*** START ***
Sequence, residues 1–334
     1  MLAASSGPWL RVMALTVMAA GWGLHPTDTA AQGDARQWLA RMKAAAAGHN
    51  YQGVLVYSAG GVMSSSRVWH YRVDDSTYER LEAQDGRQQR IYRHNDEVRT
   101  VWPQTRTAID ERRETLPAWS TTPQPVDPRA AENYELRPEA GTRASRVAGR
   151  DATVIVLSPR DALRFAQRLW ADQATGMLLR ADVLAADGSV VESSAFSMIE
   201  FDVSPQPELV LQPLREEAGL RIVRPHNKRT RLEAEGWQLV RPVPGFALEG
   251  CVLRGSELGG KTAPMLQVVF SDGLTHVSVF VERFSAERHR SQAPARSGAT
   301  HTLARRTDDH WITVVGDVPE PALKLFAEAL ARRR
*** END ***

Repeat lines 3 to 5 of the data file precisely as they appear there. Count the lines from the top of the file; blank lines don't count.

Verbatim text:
    51  YQGVLVYSAG GVMSSSRVWH YRVDDSTYER LEAQDGRQQR IYRHNDEVRT
   101  VWPQTRTAID ERRETLPAWS TTPQPVDPRA AENYELRPEA GTRASRVAGR
   151  DATVIVLSPR DALRFAQRLW ADQATGMLLR ADVLAADGSV VESSAFSMIE